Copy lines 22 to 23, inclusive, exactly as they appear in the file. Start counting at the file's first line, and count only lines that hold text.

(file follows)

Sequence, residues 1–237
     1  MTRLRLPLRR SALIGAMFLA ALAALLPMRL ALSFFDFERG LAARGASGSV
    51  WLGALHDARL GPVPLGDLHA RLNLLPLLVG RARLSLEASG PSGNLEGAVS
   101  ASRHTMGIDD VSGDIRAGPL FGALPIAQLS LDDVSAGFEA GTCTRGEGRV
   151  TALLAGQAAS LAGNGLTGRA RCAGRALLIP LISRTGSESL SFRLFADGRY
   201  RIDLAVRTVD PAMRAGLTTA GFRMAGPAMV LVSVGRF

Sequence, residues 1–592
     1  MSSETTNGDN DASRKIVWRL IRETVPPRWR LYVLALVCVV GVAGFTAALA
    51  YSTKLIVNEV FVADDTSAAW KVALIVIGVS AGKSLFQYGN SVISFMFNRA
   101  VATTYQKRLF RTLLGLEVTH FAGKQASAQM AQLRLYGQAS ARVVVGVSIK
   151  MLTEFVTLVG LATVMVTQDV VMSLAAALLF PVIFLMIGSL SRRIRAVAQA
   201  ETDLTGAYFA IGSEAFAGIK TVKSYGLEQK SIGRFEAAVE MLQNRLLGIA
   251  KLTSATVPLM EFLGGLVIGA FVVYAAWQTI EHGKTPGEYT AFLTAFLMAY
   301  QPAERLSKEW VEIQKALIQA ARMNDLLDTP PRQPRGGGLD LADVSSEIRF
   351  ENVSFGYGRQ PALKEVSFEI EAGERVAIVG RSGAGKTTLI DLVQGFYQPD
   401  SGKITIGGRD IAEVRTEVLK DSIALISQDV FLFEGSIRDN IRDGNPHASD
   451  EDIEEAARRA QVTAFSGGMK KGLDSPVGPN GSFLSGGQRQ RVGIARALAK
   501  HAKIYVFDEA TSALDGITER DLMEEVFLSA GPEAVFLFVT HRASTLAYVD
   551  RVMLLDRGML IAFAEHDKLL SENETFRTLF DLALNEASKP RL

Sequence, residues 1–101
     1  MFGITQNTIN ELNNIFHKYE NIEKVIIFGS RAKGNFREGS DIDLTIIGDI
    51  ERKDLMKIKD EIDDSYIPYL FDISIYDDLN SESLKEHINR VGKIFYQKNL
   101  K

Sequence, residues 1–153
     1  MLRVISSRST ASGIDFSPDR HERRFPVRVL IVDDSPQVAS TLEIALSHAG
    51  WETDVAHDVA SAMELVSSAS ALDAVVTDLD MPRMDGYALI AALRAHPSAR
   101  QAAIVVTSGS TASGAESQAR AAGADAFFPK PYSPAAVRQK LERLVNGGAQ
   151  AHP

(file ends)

    51  ERKDLMKIKD EIDDSYIPYL FDISIYDDLN SESLKEHINR VGKIFYQKNL
   101  K